Instagram Is Removing Your Likes, But Probably Not For the Reason They Claim

 

If you’ve been using Instagram lately, you may have been surprised when you scrolled through your feed that suddenly has no “like” in sight. Two weeks ago, the social media platform launched a global trial period during which the number of likes under posts will be hidden, a feature that already exists in a couple of other countries such as Australia, Japan, Canada and Brazil. If the trial is successful, then Instagram will make their decision to hide the like count permanent in the US as well. You’ll still be able to see how many likes your own posts get, but you won’t be able to see that number for other people’s posts.

 

Since likes are the prime currency of Instagram, you might be asking yourself: why? Instagram’s official answer to that question is simple: because we care about you! “We want your friends to focus on the photos and videos you share, not how many likes they get,” the company explained on Twitter. On first thought that actually sounds like a solid reason, especially since a 2017 study identified Instagram as the worst platform for your mental health, causing more stress and anxiety than any of the other social media networks. Therefore, the company’s decision to remove the like count under posts could be a step in the right direction and help create a more relaxed and joyful Instagram experience for everyone ... but is that really why they’re doing it?

 

One reason that makes Instagram’s mental health-related explanation of their decision seem insincere is that other popularity-quantifying factors, such as follower count and number of comments, will still be there for everyone to see. What does it matter that I can’t see how many likes someone’s post gets when I can see that they have 10,000 followers while I have 300? And as everyone who’s ever been online knows: the real toxic energy is always in the comments. Taking the number of likes out of the equation might seem like some kind of step into the right direction but ultimately it doesn’t change much. If other competitive metrics remain unchanged, you might ask yourself: what’s the point?

 

The point is, and always will be: money.

 

Here’s my opinion: when big corporations make huge changes to the way they operate, it’s never just about what’s best for their users or customers. They’re not charities; the main reason for making changes is therefore always about what’s best for the business. What users want might be a factor but, ultimately, it all comes down to cold hard cash. And the more you think about who is most affected by Instagram removing the like count, the more dubious the company’s “we care about your mental health!” explanation for their decision becomes.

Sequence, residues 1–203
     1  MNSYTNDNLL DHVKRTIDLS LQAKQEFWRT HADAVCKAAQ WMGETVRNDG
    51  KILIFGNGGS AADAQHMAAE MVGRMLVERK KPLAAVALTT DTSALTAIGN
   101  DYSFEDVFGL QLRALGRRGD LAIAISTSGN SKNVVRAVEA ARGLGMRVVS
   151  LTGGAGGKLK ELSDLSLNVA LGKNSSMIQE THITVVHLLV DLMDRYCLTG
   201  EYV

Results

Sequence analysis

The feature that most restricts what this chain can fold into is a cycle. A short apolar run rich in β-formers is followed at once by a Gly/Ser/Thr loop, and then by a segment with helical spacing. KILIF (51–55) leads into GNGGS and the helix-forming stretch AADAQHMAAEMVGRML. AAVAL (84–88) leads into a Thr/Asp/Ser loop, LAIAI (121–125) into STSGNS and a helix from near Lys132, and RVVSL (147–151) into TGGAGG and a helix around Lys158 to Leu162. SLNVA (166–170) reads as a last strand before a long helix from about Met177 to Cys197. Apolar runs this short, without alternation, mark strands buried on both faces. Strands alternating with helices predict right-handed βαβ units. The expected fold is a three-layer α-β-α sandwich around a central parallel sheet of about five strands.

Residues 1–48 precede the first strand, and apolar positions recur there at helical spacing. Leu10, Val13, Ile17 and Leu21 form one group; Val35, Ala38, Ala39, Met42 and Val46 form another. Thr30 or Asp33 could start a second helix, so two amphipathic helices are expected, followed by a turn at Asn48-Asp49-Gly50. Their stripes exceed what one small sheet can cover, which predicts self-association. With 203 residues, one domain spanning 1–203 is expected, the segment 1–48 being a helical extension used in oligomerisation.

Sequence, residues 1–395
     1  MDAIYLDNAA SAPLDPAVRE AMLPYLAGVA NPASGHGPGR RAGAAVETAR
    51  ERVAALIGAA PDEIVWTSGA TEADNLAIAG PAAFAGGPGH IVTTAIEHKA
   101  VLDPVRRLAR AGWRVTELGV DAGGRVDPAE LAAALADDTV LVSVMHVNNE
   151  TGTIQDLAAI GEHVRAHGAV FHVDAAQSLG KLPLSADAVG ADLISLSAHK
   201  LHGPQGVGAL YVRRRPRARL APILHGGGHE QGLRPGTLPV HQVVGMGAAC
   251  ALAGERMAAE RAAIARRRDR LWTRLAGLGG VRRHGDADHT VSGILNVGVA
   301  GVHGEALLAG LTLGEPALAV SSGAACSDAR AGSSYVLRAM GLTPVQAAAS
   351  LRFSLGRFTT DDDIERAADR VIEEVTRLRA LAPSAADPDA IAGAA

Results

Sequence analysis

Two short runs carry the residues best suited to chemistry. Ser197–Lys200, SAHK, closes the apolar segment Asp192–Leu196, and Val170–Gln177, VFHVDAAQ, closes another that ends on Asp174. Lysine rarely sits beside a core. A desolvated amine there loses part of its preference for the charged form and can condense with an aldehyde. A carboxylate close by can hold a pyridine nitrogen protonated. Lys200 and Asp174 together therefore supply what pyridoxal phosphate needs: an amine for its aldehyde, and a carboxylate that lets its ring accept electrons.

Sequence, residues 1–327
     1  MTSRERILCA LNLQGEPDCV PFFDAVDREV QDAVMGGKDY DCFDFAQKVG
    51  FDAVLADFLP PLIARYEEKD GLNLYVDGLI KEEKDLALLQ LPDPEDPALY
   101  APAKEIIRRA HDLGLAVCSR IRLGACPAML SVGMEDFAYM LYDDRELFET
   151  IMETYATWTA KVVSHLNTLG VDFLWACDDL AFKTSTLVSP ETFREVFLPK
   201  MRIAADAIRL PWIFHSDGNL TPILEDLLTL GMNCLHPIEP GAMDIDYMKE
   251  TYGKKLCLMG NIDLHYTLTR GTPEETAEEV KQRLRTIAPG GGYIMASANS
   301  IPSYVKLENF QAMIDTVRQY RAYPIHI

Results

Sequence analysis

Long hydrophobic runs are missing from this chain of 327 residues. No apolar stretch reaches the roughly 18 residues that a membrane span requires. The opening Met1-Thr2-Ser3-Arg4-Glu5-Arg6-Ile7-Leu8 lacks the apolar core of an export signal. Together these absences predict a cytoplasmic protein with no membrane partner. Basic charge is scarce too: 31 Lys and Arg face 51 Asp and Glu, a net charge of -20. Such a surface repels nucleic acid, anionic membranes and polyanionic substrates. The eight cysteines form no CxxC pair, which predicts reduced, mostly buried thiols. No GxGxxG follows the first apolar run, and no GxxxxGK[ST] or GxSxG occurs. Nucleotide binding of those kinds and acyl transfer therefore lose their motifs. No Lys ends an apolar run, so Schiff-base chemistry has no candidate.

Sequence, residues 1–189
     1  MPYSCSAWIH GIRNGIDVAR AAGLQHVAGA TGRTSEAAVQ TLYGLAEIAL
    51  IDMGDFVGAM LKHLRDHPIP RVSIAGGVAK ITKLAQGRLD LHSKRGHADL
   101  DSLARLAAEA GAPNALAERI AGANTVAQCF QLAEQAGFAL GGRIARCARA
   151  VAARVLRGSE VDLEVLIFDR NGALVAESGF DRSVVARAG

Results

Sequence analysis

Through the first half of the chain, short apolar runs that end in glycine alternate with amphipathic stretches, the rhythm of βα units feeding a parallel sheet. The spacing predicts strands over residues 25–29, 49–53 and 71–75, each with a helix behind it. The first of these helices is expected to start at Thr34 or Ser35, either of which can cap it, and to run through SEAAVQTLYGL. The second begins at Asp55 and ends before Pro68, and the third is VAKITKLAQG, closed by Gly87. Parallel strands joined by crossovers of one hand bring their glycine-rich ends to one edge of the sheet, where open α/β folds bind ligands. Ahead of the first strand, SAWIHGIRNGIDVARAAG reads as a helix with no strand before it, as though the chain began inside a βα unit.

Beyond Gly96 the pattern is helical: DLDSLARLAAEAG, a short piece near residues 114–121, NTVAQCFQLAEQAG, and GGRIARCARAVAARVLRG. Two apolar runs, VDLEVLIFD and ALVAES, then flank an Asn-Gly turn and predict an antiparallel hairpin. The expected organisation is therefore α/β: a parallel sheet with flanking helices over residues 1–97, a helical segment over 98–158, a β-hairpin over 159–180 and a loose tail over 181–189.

Hiding the likes under post will make every user’s experience different, but the ones most affected by it will be influencers. These accounts have been making millions week after week through paid sponsorships that depend directly on how many likes their posts get. And, so far, Instagram as the platform that facilitates this (and it’s parent company, Facebook) has been getting no share of their profits. Call me cynical, but that seems like an issue that a billion-dollar corporation might be more interested in than their users’ mental wellbeing. Taking away the like count means taking away the number that influencers base their revenue on, and will leave those people in need for alternative ways to make money off social media. Therefore, Instagram’s decision to remove likes could open the door for the company to come up with new ways to connect brands and influencers - ways that make sure that this time, Instagram is also included on the payroll.

 

By all of this I’m not saying that removing the like count under Instagram posts can’t also have some positive mental health benefits for us as users. I’m just saying that their users’ mental health is not why they’re doing it. Removing the likes was always a business decision, no matter how much the company might try to convince us otherwise.